Chair of the SVR Charitable Trust
In my case, I was exposed to railways from my pram every day as Mum used to take me for a walk along the “line path” at Potters Bar on the way to the shops, and I would see friendly crews wave to us from what I now know to be N2’s. Our landlady used to give piano lessons so I had to be got out of the house even if there was no shopping to do! Additionally, my grandad and three of mums brothers worked in Darlington works, so we used to travel up by train once a year for a 2-week family visit and all the talk at that time was of Beeching’s cuts and the probable closure of the works itself.
As a teenager at the end of steam I resolved to join a preserved railway to do a week’s voluntary work every year, and after considering the options and transport arrangements to each, chose the Severn Valley Railway, even though I had never visited it. That turned into two weekly visits then a move to Shropshire and eventually very heavy involvement, including directorship for 13 years, workshop paid staff employment for over 20 and counting, and chairmanship of the railways own charity. I now live in a former railway cottage (built over 100 years before the line was) which has the line so close that I can check dynamo belts on passing trains from the kitchen sink.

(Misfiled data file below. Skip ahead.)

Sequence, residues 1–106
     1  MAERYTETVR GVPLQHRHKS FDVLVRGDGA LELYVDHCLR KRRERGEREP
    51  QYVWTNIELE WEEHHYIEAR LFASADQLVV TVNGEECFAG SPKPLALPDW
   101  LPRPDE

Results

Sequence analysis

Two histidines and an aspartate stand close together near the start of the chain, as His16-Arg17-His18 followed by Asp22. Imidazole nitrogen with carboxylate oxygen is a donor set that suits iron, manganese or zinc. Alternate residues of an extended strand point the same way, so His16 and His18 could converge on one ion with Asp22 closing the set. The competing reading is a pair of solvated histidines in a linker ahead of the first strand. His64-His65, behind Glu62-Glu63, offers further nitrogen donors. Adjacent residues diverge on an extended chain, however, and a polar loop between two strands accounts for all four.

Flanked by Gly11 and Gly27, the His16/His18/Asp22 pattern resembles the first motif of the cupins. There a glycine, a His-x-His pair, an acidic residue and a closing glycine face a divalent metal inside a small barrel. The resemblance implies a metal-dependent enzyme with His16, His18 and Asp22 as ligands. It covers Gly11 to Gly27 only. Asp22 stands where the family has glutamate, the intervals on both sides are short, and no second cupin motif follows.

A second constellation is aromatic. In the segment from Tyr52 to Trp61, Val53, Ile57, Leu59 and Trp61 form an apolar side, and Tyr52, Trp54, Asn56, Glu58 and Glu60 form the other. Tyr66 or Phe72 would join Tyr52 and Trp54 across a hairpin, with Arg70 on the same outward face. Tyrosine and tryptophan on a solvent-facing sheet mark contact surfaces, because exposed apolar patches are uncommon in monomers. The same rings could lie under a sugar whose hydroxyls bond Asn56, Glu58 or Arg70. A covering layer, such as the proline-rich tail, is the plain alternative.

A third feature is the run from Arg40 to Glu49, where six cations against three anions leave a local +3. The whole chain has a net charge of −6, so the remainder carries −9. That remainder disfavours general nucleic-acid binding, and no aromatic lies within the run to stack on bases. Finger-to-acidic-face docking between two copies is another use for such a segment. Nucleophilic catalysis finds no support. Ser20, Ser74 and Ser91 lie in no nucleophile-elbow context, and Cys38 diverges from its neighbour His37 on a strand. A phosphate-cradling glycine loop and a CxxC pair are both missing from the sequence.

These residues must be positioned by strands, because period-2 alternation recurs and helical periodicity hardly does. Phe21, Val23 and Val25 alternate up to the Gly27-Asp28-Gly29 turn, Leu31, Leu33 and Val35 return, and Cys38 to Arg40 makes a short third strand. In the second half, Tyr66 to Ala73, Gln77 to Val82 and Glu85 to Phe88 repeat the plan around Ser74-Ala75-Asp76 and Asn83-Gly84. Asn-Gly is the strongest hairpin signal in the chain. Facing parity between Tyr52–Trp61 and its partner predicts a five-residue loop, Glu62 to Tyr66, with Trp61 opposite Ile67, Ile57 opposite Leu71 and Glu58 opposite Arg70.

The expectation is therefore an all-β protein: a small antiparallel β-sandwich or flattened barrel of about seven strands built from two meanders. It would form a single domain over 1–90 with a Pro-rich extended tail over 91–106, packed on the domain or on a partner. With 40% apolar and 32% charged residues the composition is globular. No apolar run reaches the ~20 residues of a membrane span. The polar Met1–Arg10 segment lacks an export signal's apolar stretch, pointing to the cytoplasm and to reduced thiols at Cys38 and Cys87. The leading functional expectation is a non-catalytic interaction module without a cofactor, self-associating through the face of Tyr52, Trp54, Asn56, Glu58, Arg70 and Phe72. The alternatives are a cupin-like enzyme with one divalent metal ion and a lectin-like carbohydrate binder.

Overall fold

Chair of North Tyneside Steam Railway Association
My passion for railways didn’t start until I was 17, as a visitor to the Stephenson Railway Museum. I had absolutely no interest in trains but was offered the opportunity to try firing a steam locomotive. I was hooked instantly and I’m still involved 11 years later.